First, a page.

To Have a Friend, Be a Friend

Peter - Issaquah, Washington
Entered on January 3, 2008

My mom is always spouting off little one liners. Gems of wisdom, she’d say. Others would refer to them as clichés. They span at least four generations. My mom learned them from her mom, who learned them from my great granddad, and now they are being passed on to me. Most of them are self-explanatory and easy to figure out. “Good things come to those who wait.” “All that glitters isn’t gold.” “Pretty is as pretty does.” Sometimes the phrase, “but ugly goes clear to the bone,” is added to the end of that one.

The one I like the best is “In order to have a friend, you’ve got to be one.” Its meaning is unhidden, it’s obvious and it clearly expresses my philosophy about friendship. If you want to have friends you’ve got to be friendly and approachable and demonstrate a willingness to meet new people. Once you’ve met, it’s important to express an interest in the details of the other person’s life and honestly listen to what they have to say. You need to use your words to uplift and inspire others, not to tear them down. It’s important that you look for the good in each individual and compliment it. In essence, in order to have friends, you’ve got to be the kind of friend you’d like to have.

I know someone who exemplifies these qualities better than anyone else. Her name is Bonnie. She’s a couple of years older than I am and I’ve always looked up to her. It seems everyone does. She’s really pretty but not in the dazzling Hollywood kind of way, more in the All American Girl sense. Bonnie has shiny blonde hair, tan skin from hours spent playing soccer and a beautiful smile. I’d say her smile is her hallmark. It’s not the fake plastic kind of smile you see in toothpaste commercial, it’s the real deal. It exudes happiness and is as effortless as it is irrepressible. She offers it to everyone she meets, like a gift. She seems to know virtually everybody – by name. Funny thing is after a smile and a hello she’ll usually ask how you are doing and the question is so genuine you end up telling her. Bonnie knows more things about more people because she’s a really good listener. She keeps confidences and never gossips. In fact, another one of her hallmark traits is that she always has a kind thing to say. I can’t remember hearing Bonnie say a negative thing about anyone or anything ever. You never leave an encounter with Bonnie without feeling better about yourself. You leave smiling and happier.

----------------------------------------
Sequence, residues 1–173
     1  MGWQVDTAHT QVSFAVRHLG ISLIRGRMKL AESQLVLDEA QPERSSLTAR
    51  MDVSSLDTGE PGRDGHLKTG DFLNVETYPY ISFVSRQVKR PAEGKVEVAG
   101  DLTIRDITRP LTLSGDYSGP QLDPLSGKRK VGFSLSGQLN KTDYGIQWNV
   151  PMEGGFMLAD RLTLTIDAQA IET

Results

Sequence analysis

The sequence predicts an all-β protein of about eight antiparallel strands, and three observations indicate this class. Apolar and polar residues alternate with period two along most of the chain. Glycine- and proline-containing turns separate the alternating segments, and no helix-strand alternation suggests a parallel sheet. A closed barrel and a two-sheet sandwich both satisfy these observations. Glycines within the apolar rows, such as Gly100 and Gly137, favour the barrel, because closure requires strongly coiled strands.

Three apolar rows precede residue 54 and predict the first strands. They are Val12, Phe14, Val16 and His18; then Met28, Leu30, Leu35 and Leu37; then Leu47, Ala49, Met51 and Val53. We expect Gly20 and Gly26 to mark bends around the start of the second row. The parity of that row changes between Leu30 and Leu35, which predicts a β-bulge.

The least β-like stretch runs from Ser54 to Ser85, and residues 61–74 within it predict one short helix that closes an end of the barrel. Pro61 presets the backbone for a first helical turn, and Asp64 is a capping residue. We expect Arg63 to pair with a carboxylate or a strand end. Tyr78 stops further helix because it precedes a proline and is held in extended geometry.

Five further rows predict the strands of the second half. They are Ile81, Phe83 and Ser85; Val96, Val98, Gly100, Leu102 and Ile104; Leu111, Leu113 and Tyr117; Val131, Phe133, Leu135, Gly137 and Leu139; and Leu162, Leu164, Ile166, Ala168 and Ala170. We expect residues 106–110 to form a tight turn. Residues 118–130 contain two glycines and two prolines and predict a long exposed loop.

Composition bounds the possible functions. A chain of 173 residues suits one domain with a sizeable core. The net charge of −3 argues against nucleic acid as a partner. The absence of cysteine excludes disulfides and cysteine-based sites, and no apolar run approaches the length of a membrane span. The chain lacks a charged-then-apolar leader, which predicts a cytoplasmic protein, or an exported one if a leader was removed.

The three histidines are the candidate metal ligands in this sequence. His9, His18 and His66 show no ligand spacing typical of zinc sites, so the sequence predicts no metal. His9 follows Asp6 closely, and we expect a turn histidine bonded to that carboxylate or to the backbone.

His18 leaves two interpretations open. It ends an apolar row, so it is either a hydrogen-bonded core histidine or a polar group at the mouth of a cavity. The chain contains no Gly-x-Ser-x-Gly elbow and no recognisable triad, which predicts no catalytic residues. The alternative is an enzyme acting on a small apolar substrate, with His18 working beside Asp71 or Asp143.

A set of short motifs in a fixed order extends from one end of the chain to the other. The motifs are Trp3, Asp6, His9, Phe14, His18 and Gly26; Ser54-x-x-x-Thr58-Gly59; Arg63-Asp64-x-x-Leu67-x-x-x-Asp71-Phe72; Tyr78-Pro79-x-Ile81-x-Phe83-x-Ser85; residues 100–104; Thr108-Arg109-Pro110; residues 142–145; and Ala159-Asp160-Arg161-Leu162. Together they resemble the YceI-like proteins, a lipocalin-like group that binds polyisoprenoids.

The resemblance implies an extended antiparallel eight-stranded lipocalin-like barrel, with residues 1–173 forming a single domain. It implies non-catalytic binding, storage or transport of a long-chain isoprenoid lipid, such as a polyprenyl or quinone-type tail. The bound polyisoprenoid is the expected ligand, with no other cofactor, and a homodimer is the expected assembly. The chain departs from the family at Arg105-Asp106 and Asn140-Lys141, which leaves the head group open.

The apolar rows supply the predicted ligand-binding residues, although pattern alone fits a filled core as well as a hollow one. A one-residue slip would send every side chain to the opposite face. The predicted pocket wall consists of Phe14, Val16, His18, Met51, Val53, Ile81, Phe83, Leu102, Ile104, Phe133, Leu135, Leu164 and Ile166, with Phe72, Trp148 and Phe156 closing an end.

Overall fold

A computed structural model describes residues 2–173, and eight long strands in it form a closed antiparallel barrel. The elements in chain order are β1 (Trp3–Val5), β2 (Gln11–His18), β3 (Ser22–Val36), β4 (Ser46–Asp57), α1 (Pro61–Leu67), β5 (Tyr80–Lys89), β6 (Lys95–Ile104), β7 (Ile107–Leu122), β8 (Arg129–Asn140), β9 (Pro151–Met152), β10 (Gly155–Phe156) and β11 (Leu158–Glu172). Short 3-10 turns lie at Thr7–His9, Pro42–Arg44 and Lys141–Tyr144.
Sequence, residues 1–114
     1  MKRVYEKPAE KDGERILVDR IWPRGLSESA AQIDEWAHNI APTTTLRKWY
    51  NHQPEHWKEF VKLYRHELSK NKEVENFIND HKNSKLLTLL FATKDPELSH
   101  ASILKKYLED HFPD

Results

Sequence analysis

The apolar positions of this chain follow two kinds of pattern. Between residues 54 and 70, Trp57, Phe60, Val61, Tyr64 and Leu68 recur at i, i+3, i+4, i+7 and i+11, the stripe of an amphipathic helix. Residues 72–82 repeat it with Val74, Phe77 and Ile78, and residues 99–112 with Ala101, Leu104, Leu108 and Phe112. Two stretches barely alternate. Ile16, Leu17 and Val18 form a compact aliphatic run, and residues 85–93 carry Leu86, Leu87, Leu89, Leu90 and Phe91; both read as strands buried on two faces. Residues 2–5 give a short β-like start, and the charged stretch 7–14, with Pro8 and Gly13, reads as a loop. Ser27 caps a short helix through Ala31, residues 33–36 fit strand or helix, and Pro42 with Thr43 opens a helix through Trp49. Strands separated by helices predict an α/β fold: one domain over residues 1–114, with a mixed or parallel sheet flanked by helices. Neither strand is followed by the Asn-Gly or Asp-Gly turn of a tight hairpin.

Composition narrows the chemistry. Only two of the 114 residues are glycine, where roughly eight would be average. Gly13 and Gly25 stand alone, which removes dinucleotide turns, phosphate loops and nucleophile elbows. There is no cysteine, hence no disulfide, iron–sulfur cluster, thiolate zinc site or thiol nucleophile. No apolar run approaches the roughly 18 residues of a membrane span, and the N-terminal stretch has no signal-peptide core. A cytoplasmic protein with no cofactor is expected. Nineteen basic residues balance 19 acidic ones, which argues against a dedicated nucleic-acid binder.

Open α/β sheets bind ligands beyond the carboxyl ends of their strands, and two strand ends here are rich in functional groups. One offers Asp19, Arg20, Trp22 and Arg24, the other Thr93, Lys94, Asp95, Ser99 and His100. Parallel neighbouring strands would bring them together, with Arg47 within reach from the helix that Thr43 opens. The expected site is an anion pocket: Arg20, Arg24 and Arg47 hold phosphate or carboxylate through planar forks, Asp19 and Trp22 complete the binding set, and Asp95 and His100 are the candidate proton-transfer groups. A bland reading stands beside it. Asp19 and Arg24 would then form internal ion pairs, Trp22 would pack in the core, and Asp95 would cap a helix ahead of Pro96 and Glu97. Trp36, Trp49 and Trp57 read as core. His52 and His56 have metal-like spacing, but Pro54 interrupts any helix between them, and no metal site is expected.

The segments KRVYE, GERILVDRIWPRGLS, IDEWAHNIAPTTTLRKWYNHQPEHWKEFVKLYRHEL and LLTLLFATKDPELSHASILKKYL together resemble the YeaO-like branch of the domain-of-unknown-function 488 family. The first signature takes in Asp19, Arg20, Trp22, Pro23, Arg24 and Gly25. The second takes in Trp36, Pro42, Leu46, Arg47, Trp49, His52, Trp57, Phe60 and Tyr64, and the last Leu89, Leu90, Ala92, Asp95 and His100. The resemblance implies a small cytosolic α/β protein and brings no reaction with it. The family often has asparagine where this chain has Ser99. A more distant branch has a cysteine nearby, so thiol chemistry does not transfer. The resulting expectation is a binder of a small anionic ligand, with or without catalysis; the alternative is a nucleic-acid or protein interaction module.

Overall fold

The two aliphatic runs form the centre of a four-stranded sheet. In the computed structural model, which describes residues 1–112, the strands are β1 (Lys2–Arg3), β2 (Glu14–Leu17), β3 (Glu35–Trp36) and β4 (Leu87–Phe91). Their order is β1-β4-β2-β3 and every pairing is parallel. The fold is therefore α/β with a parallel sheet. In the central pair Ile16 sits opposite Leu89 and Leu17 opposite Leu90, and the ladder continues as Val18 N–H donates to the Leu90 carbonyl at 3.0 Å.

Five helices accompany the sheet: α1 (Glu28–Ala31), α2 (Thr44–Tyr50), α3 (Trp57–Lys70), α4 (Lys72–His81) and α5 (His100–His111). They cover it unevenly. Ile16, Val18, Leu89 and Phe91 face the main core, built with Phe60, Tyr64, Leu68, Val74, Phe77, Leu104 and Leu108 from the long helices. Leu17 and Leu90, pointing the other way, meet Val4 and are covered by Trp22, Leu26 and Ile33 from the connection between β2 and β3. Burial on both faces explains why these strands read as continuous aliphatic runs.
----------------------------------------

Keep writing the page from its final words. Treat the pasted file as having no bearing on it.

Sometimes I ask myself “Why is Bonnie so happy?” Is it because she has so many friends? Then it occurs to me, mom was right after all. It’s nice to be important but it’s more important to be nice.